This railway was built with one purpose in mind, to connect the proveniences of Burgos and Cantabria by passing right underneath the Cantabrian mountains. The Spanish Government made a proposal for a rail line to be constructed to connect the Mediterranean Sea and the Bay of Biscay in the northeastern Atlantic Ocean.
The project started as a section of the Santander–Mediterranean railway. The very beginning of the plans for this railway began in the 19th century, but it was not until 1925 that actual blueprints were laid on the table and work commenced.
It all took part during the leadership of Miguel Primo de Rivera. It was a major project, and by the mid-20th century, the part of the railway that spread all the way to Dosante was successfully finalized. But the most difficult part still remained. There were around 60 kilometers left before the railway reached Santander.
Along those 60 kilometers, there was supposed to be around 30 tunnels, one of which was the Engaña Tunnel. Construction ceased during the Spanish Civil War, but afterward, the firm Ferrocarriles y Construcciones ABC was employed to complete the tunnel.
But boring tunnels is a difficult job which requires a lot of manpower. They decided to use the workers from the labor camps. And so nearly 600 laborers were used during the construction of the tunnel.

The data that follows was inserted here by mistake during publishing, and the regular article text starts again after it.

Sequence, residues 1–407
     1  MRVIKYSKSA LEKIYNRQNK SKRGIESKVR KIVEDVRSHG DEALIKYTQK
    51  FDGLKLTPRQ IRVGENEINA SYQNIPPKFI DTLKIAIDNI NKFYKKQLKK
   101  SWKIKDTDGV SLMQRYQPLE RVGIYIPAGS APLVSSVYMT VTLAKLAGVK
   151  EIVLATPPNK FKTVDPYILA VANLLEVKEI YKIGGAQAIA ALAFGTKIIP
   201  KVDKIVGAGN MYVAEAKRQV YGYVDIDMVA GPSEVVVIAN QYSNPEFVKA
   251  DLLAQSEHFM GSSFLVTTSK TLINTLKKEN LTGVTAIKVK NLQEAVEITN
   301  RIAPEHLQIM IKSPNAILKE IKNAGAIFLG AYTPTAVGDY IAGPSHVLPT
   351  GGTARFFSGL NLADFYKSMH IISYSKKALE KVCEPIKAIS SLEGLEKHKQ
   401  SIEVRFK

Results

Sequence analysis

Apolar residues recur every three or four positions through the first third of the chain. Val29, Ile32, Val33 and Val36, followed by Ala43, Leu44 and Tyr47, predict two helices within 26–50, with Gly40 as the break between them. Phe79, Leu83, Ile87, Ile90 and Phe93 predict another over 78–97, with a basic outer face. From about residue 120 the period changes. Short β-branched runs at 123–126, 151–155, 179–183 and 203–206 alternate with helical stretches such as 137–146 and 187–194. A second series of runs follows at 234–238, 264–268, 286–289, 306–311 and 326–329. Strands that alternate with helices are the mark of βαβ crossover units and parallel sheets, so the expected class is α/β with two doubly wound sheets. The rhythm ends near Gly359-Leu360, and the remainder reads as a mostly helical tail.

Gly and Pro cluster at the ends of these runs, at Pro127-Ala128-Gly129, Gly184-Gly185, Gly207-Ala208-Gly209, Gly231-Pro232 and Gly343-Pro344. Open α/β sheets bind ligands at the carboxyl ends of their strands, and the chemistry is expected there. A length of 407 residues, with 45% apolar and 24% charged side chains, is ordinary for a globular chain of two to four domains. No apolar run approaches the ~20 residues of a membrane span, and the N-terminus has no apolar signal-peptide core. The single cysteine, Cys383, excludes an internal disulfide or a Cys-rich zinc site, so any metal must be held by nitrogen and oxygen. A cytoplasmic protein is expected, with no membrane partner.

Many of those who were interned in the labor camps had fought for the Republicans during the Civil War, which was won by Franco’s nationalists. After just half a kilometer of construction, many of the workers were freed by a government pardon.
At least sixteen workers died during construction over a period of 8 years between 1951 and 1959. There are no records of how many died during the initial phases of construction.
Many of the workers later died from a lung disease called silicosis caused by inhaling crystalline silicon dust. With less than 30 kilometres to go and the tunnel itself completed, the project completely halted. Because the project was paused, the tracks were never laid in the tunnel. One of the reasons behind the whole cancellation of the project was constraint on public investment.
Further investigation shows that the project was not the most efficient method of connecting the Mediterranean Sea with the Bay of Biscay. Road transport had developed rapidly, and historians believe that the rail line was actually commissioned as a result of political corruption.
Over half a ton of explosives were used to complete the tunnel, which had a length of approximately 7 kilometres. The steel support for the structure was inadequate, which caused the tunnel to collapse in places. The tunnel remains empty and abandoned to the elements and continues to deteriorate.
Time has taken its toll, and the tunnels have become too dangerous for visitors. Some sections have collapsed and the entrance is now closed.
The tunnel continues to deteriorate, and with the poor conditions and flooding, there is a strong risk of further collapses.